I've often thought of the Pittsburgh Tribune-Review's editorial page as a form of performance art: Reading it is like watching a performance by Karen Finley ... except when it's time to simulate the smearing around of fecal matter, the creators use newspaper ink instead of chocolate.
Even so, I never thought of the Trib's editorial page as a place to find art criticism. Until today, with the publication of this rather singular piece of journalism.
Headlined "A slip and a slap at the Carnegie," the unsigned editorial denounces the Carnegie for the marketing of its current exhibit, Paul Thek: Diver.
With this exhibit, the editorial argues, "The Carnegie Museum of Art obviously has forgotten who bakes its biscotti and caffes its cappuccino, so to speak. For the shot-and-beer crowd, that means Pittsburgh's supposedly pre-eminent gallery for all things art has forgotten who butters its bread."
Once you're done being dazzled by the Joycean wordplay here -- "caffes its cappuccino"? -- you'll note the characterisitcally Tribbish tone. On the one hand, it affects to be speaking for us dumb yinzers, who just like art if it's got pretty "kellers" n'at. On the other hand, the paper's real gripe is with cultural institutions who ignore the demands of wealthy elites -- the people who "butter its bread."
Because after a couple paragraphs of mocking the concept of "avant-garde art" ("sane people would call it 'rank,'" we're told), we get to what really bugs the Trib about the exhibit:
[W]hat's even more tasteless is that for one of the billboards used to promote the retrospective, the Carnegie chose a Thek work that features the phrase "Afflict the Comfortable, Comfort the Afflicted" in yellow paint surrounded by a sea of purple.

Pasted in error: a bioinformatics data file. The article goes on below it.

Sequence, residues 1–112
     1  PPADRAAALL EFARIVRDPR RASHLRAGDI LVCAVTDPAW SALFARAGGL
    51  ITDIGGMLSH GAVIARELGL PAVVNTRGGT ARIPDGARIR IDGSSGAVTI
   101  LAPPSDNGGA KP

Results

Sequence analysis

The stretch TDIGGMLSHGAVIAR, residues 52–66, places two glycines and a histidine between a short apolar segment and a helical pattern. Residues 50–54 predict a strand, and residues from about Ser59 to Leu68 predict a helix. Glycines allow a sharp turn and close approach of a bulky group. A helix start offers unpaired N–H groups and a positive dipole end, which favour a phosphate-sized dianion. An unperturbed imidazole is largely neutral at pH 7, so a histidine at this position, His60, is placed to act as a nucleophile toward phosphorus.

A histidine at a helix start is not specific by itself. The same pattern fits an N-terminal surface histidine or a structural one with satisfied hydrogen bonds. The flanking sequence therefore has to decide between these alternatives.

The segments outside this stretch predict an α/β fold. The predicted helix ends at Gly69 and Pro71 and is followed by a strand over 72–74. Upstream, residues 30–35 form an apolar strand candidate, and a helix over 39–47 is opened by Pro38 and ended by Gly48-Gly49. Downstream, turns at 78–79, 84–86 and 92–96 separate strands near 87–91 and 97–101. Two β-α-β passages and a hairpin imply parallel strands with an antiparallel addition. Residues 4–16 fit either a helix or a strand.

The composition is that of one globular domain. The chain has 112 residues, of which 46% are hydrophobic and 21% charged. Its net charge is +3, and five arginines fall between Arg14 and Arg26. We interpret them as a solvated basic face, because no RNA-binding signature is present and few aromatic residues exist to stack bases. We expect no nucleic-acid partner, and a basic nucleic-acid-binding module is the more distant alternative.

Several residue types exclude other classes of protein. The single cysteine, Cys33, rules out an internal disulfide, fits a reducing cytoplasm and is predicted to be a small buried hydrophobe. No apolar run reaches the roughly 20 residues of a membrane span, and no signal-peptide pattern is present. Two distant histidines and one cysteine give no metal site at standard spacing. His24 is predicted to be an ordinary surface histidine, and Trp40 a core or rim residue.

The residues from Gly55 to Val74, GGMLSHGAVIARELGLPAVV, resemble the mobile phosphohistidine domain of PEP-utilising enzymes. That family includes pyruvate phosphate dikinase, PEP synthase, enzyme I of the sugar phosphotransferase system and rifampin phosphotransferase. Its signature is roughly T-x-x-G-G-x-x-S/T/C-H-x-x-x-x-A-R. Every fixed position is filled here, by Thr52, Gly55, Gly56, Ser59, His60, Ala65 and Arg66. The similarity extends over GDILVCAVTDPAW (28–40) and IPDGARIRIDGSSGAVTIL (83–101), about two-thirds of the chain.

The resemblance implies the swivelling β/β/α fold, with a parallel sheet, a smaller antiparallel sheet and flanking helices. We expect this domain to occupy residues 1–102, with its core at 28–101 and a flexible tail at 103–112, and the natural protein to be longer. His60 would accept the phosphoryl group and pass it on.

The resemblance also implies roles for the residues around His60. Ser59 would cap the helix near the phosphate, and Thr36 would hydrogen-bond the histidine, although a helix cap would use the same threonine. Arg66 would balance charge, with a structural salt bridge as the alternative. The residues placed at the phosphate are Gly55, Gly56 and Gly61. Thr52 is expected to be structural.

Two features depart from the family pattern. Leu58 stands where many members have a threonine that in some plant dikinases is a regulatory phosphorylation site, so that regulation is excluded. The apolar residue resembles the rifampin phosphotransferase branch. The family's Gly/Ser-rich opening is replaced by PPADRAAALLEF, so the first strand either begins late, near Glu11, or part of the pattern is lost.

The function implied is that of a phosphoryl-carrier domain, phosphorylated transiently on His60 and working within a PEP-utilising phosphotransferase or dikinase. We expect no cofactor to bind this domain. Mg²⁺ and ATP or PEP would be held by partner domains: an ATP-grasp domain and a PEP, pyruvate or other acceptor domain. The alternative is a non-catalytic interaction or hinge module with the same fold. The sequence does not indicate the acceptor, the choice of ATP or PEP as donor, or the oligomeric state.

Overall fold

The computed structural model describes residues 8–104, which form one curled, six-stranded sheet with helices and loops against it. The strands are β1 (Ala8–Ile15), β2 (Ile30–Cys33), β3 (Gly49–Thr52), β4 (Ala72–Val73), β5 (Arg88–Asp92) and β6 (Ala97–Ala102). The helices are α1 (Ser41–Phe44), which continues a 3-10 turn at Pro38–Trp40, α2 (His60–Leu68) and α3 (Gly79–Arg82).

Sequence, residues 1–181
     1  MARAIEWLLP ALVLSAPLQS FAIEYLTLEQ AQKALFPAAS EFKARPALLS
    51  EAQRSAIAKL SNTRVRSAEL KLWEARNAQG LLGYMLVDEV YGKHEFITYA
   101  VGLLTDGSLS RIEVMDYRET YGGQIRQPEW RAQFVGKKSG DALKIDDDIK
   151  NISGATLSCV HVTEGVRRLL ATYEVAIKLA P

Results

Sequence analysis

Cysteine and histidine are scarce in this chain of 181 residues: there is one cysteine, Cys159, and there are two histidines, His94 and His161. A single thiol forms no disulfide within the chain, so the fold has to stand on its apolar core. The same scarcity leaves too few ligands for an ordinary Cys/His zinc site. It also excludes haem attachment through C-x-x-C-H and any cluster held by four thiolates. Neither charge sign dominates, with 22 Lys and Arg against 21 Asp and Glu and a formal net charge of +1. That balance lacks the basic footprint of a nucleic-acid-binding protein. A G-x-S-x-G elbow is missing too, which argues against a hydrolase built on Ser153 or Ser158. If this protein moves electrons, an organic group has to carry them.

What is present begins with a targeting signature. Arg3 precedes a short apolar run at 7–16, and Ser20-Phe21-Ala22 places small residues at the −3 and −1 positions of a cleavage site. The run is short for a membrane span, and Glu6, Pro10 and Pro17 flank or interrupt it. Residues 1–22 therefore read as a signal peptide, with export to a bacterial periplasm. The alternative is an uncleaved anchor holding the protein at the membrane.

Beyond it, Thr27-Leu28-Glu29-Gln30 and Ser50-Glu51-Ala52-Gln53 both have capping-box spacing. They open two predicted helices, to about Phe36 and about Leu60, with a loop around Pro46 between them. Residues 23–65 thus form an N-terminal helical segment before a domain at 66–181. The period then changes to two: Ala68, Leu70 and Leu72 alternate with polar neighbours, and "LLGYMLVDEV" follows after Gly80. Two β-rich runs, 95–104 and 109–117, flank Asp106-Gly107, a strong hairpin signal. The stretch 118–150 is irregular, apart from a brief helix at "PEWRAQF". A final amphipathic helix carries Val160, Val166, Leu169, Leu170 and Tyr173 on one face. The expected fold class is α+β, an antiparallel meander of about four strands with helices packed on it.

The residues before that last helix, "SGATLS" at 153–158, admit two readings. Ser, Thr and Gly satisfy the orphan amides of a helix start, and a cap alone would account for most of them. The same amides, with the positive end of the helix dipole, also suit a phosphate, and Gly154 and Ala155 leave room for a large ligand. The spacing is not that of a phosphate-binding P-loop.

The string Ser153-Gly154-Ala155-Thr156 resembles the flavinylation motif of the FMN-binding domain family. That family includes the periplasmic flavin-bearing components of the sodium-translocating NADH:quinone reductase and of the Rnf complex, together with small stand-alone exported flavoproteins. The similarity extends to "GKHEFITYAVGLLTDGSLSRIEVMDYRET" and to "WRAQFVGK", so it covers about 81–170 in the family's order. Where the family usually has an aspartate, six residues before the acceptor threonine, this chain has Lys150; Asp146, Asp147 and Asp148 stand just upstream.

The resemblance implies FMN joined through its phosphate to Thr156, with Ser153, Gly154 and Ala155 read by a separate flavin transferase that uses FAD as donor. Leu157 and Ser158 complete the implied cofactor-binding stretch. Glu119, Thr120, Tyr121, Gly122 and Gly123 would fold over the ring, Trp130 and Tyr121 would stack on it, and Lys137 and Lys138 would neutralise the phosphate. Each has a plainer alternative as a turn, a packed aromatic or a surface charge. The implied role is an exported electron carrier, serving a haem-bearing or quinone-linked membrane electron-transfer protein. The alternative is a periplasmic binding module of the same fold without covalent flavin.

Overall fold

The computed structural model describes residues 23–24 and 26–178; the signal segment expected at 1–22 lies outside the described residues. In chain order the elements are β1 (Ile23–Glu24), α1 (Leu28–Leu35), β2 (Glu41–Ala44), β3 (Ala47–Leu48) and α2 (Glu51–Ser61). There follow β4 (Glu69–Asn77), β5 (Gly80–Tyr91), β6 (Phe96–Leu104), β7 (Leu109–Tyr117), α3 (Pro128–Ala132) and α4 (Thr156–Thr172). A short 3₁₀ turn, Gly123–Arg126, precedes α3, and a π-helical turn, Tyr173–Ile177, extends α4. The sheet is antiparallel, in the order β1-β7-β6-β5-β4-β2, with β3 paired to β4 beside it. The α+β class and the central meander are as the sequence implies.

Wait a minute ... yellow and purple ... that sounds familiar ... where have I seen that combination of colors together before? Hmmm ...
Oh, noes! Somebody get Glenn Beck on the line pronto.
But of course, the Trib doesn't need a chalkboard to see the dread hand of socialism here.
Thek created this particular work in the latter years of his life, as he was dying of AIDS. But the expression "Afflict the Comfortable, Comfort the Afflicted," the Trib duly notifies us, has its origins in a saying by a humorist Finley Dunne. It was intended, the Trib says, to warn "against some newspapers' proclivity to misuse their power."
The Trib then adds: "[T]he phrase has been roundly misemployed -- interpreted literally -- by liberal media types and their oftentimes socialist acolytes."
Hmmm ... newspapers that abuse their own power? You don't say. I can see why a paper owned by Richard Mellon Scaife wouldn't want me to interpret such a warning literally. If you did that, after all, you might suspect that the publisher could be using his paper's editorial page to settle a personal grievance.
For lo! That "afflict the comfortable" business is, it seems, disrespecting wealthy benefactors ... like the ancestors of Mr. Scaife himself!
The editorial denounces the museum for an ad campaign that "arrogantly backhand[s] the very benefactors who make the Carnegie Museum of Art possible today."
"Museum managment should feign no surprise if Mr. Carnegie's philanthropic heirs slap back," the editorial concludes.
Whew! Lucky thing the Thek exhibit isn't housed in the museum's Scaife galleries! (It's housed in the Heinz galleries instead -- where it can be better appreciated, one presumes, by a certain pickle heiress and other freedom-haters.)
And the Trib's own art critic wrote a straight-ahead preview of the show, noting that Thek's work can be disturbing, but exploring the artist's intentions. (This would be a good place to say that many rank-and-file Tribune-Review staffers are honest souls and good reporters. Embarrassing editorials like this are not their fault. This is me, comforting the afflicted.)
But what's really interesting about this editorial is not what it says about the museum ... but what it suggests about the Trib's ideas of philanthrophy. Apparently, the Trib believes that once you take money from a rich person, you are to consider yourself bought and sold. You are never to say anything that your benefactor -- or his heirs -- might disapprove of. When you take a check from a guy with a lot of money, in other words, you are supposed to be his bitch, forever.
That, I'm guessing, is what it means to be Dick Scaife's editorial writer. Similar rules may apply to the numerous think tanks that have been bankrolled with Scaife's money. Whether such rules should apply to a museum, however, is a matter for debate.
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